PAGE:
The Last Of The Barbecue
I can’t remember a summer during which I have used the BBQ less often so I am determined to use it now to eke out the last of the longer evenings. The best tip these days is to have a griddle ready in the kitchen so that there can be an easy retreat if the weather caves in. Here are two ideas – one Thai, one Indian – that should help inspire you.
Barbecued Lemon Chicken with Nam Jim Dressing
A basic Nam Jim is most commonly used for grilled or steamed seafood but also stunning spooned over chicken and rare beef. It will typically contain garlic, fish sauce, sugar, lime juice, and bird’s eye chillies. I have reduced the amount of chilli for a gentler flavour but this is purely a matter of personal taste. If possible use a pestle and mortar. This is not only the most traditional and authentic method but also yields the best result. It is important to make the dressing shortly before using.
Nam Jim Dressing
1 small knob of ginger, peeled and thinly sliced
3 cloves of garlic, peeled and thinly sliced
1 bird’s eye chilli, deseeded and finely chopped
2 small shallots, peeled and thinly sliced
3 limes, juiced
2 tbsp fish sauce
3 tbsp palm sugar
1 small bunch coriander stems (and roots if available, reserve the leaves for another use)
Pinch of sea salt
Put coriander stems and garlic in a pestle & mortar, add a pinch of salt and pound until they begin to form a paste. Then add ginger, chilli and shallot and pound again until they have started to break down. Add lime juice, fish sauce and palm sugar and mix again. Taste to check the balance of seasonings. The Nam Jim should be sweet, sour, hot and salty. Add more lime juice, sugar or fish sauce as required.
To marinate the chicken
4 large free range chicken breasts, skin on
3 tbsp olive oil
3 tbsp lemon juice
2 garlic cloves, flattened
Season the chicken on both sides with salt. Mix the olive oil, lemon juice and garlic in a dish. Add the chicken, turning once or twice to get it well coated with the marinade. Cover and leave for several hours but ideally overnight. Turn once during this time.
To barbecue the chicken
The chicken breasts may be cooked on the barbecue or on a cast iron griddle pan – even the griddle pan will give the lovely chargrilled exterior which adds so much to the flavour.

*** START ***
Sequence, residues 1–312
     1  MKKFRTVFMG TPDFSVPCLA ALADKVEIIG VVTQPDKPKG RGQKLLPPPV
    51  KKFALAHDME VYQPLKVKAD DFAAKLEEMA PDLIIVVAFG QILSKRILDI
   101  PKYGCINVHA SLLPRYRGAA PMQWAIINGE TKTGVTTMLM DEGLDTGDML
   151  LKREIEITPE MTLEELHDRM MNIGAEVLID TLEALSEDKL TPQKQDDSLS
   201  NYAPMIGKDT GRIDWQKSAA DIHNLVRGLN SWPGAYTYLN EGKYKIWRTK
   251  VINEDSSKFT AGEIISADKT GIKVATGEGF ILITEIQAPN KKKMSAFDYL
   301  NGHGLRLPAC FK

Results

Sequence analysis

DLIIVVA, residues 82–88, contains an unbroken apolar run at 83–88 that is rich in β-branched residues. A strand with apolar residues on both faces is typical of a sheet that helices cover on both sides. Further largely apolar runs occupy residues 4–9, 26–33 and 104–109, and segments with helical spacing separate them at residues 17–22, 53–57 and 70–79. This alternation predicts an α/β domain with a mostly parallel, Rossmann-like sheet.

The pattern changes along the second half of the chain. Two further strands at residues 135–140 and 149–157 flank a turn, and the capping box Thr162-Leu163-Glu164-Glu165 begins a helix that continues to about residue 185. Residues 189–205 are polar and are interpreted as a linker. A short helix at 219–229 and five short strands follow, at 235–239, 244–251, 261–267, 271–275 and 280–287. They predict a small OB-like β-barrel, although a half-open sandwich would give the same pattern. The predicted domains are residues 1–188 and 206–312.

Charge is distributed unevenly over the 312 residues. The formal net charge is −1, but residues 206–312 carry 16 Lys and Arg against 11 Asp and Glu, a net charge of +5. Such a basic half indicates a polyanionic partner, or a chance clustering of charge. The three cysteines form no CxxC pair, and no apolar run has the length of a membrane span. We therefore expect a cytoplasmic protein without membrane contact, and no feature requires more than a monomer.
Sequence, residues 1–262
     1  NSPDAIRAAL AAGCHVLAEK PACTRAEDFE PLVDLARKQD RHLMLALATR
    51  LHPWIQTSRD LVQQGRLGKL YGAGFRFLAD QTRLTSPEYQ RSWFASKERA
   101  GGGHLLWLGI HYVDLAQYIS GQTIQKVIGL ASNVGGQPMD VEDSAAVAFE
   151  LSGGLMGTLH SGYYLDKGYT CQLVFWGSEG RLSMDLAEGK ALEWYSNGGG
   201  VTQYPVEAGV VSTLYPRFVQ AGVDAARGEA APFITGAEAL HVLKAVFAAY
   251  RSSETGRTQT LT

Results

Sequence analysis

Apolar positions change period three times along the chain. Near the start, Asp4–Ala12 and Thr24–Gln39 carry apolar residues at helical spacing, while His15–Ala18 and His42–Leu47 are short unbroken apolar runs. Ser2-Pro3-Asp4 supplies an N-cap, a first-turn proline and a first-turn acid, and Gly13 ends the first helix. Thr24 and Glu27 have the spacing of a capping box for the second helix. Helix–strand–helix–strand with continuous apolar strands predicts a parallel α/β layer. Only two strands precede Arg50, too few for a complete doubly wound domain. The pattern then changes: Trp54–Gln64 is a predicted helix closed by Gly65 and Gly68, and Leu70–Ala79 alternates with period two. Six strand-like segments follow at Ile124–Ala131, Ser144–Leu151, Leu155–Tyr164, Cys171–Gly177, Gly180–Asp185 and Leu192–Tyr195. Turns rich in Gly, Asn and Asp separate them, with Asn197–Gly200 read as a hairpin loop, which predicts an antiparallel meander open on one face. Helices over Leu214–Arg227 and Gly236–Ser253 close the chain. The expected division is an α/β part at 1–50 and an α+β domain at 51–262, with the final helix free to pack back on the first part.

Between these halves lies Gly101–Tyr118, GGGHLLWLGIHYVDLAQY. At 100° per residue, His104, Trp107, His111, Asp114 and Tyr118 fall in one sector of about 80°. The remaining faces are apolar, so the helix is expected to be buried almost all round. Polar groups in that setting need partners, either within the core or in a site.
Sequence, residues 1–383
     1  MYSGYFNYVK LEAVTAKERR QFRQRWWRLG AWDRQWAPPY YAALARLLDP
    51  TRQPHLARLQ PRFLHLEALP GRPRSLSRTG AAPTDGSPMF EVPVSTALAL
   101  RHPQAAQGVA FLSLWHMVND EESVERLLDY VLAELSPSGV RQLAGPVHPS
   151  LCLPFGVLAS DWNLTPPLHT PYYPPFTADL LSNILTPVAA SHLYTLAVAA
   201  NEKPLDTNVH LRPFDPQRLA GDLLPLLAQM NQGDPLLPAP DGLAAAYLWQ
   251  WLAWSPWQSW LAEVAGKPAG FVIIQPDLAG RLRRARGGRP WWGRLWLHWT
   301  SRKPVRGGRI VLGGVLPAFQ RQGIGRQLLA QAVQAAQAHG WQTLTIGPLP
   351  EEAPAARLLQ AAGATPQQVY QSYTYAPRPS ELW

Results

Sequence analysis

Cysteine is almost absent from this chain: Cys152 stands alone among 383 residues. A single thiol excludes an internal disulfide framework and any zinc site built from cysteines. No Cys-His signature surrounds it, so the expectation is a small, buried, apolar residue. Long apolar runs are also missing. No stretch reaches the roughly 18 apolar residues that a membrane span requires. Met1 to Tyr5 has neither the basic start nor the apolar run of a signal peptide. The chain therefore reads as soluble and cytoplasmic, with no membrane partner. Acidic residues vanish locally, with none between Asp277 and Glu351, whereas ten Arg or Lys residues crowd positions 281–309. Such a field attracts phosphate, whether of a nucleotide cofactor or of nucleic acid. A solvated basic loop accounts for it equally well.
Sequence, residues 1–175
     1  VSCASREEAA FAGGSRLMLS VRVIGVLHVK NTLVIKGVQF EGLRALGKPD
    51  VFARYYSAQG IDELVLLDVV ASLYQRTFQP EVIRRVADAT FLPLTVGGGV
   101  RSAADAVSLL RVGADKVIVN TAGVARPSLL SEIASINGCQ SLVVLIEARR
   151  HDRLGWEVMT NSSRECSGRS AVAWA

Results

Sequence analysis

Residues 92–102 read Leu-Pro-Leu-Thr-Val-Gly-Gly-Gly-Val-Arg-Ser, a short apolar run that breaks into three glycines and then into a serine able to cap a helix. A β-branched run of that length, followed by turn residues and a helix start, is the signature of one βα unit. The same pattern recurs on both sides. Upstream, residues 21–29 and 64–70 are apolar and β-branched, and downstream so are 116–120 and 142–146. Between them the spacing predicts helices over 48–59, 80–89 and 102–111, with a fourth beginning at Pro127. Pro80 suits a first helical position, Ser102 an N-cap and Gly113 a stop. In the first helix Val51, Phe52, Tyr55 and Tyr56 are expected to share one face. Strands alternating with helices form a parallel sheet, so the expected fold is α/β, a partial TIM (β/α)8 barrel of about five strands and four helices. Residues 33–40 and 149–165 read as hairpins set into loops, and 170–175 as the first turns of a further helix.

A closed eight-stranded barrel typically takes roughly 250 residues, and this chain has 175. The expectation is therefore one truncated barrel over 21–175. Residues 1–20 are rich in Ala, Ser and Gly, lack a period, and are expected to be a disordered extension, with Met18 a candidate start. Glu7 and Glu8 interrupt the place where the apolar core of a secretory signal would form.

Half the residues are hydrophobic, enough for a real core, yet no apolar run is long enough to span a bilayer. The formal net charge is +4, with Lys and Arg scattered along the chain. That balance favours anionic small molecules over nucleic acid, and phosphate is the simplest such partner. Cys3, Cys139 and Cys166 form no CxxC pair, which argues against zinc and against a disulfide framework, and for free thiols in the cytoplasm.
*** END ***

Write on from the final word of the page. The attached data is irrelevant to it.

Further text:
Remove the chicken from the marinade, pat dry with some kitchen paper and then drizzle a little olive oil over the surface. Place the chicken on the barbecue skin side down. Allow to cook without moving it at all until the underside of the chicken is a rich golden colour, about 5-7 minutes. Turn the chicken over and continue cooking until the chicken is tender.
Exact timing will vary enormously depending on the thickness of the chicken breasts. Slice the chicken and spoon over the Nam Jim dressing.
Sea Bass with Dill, Mustard & Madras Curry Powder
Sometimes when I read a recipe, I generally have a sense of what the resulting taste will be like. I was a little baffled by this one – wholegrain mustard, madras curry powder, dill and lime juice seemed like a strange combination to me. But it really works. It is a thick marinade which completely coats the fish and on this occasion it is almost like the fish accompanies the marinade. I cook it skin side down on the barbecue (with the lid down) and then I simply slide it off the skin and serve it – generally on its own. It really does not need any more, it is a course in itself.
This marinade would work with any white fish, but it’s important not to marinate the fish longer than a couple of hours, as the lime juice will start to cure the fish. Use plenty of dill or substitute fennel or chervil. The cooking time will be quite brief, as it’s important to keep the fish moist.
4 sea bass fillets, about 120-150g, skin on
For the marinade:
60ml sunflower oil, plus extra for basting
40ml lime juice
3 tbsp chopped dill
1 tbsp wholegrain mustard
2 tsp Madras curry powder (or substitute another curry powder)
½ tsp turmeric
Put all the marinade ingredients in a bowl. Season the fish with salt and add to the marinade. Leave to marinate in the fridge for 1 hour.
Remove the fish from the marinade. Drizzle a little sunflower oil over the skin side of the fish and place the fish, skin side down on the barbecue. Cook, with the lid down if possible for 4-5 minutes. The exact timing will depend on the thickness of the fish. Using a fish slice, remove the fish, leaving the skin behind. Serve immediately.